NWR: What went into balancing the game so that way it was fun in both single-player and multiplayer?
JM: Throughout development, we were careful to test our designs in both the Solo Play and Together Play modes regularly so that we could make sure the experience, while identical, was pleasant for either arrangement. I think the most interesting part about this process was, we found there are individual elements that are easier played together but harder solo, and vice-versa. Because of that, it all somehow manages to balance out really well.
By the way, I’ve gone on the record at this point that my favorite way to play is choosing the multiplayer mode, Together Play, and using both Joy-Con by myself. It’s a completely acceptable and different way to enjoy the game! In fact, I find it’s best if you hold the Joy-Con in a different orientation with each hand. So, for really hardcore players that have exhausted the other play modes entirely, I recommend getting experimental and giving that a shot.
NWR: How deep are the Sub-Games?
JM: I like to think of the Sub-Games as little boss battles, dispersed throughout the main story experience. Each explores a unique and different way of having players coordinate with each other, or a fun control mechanic. When you clear one, you heal a “vital location,” which is essentially a key for completing a stage. And upon completing stages, you’ll often unlock Sub-Games for free play off the main menu. These each come with their own unique title screen artwork and a series of extra challenge content for that Sub-Game outside of what you’ll find exclusively in the story mode. We even introduce alternate remixed versions of some of the same Sub-Games to explore new ideas with them.
NWR: Limited Run offered a pre-order of the physical version before the game's digital release. How did that opportunity come up? Was it something baked into the development of the game?
JM: The partner I mentioned earlier was actually Limited Run Games! We showed them the prototype that was initially created, and they were immediately on board with it, without question or hesitation. That was a surprise to even me! But I feel they really believed in the concept and saw the possibility of unique fun right away. With them co-funding the production of Vitamin Connection, we were able to proceed with development and make it happen.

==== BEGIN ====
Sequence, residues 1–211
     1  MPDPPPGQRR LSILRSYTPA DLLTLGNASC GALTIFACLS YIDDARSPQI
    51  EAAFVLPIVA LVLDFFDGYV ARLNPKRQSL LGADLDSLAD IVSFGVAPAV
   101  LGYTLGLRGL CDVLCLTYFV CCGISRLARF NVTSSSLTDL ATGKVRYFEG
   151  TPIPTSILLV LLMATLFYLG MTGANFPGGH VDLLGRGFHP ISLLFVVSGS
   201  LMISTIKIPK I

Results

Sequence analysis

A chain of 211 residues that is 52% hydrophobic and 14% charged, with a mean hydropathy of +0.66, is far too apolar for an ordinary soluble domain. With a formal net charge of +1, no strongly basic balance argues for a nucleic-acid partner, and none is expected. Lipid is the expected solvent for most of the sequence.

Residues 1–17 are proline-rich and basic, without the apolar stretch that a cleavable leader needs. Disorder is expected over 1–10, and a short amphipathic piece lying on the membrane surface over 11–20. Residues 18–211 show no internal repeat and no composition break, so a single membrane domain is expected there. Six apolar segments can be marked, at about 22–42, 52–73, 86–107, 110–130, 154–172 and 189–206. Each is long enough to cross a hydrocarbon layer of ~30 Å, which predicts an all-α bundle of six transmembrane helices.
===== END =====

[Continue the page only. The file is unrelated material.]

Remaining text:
As you’ve said, we were able to offer a pre-order of a physical version of Vitamin Connection through Limited Run Games. I’m really thankful to have them as our partner because they put a lot of thought into the materials to make the physical editions extra special. The Collector’s Edition even has adorable plushies of Vita-Boy & Mina-Girl, the two main characters of Vitamin Connection!
NWR: Were there any ideas for Vitamin Connection that you weren't able to fit into the final product?
JM: Yes, quite a bit, to be completely honest! I won’t get into the specifics so they can be a surprise in the event they can still be presented…somehow…eventually. But the same can be said of very many game designs, and in the end I’m really proud of what the team was able to pull together with Vitamin Connection.
I’ve come to understand that the healthy approach is to just accept that a project will often end up becoming something different than you expected. That’s normal. The only thing you can do from there is focus your energy on the next project, and make that the best it can be. In the end, if people are happy because of what you’ve created, you can mark it down as a success.
NWR: Dr. Mario World has introduced almost every Mario character as a doctor. With Dr. Mario's similar bacteria-blasting schtick, what Mario character would best fit as a playable character in Vitamin Connection?
JM: I have to admit, I didn’t expect the number of Dr. Mario comparisons players would draw simply due to the game featuring a vitamin and pathogenic enemies! I did the thing you’re not supposed to do and read YouTube comments where somebody said something like “WayForward! I can’t believe you ripped off Dr. Mario! You’re better than that!” And, of course, the gameplay is nothing like Dr. Mario, but I felt a little bad anyway while having a laugh about it at the same time.
I’ve been playing a bit of Dr. Mario World myself and was really surprised Koopalings can be doctors now. Such smart kids — nothing could go wrong there. Anyway, if you were playing as a Mario character in Vitamin Connection, they’d either have to be really tiny or have the ability to shrink, right? Wouldn’t it be cute to play as a micro-sized Luma? You could shoot Star Bits at the bacteria monsters. Perhaps the stage itself is Rosalina…wouldn’t that be interesting to see? Maybe that’s weird. I don’t know anymore. We’re just fresh off making Vitamin Connection, so my barometer for what’s weird is out of whack, but I definitely know what’s fun.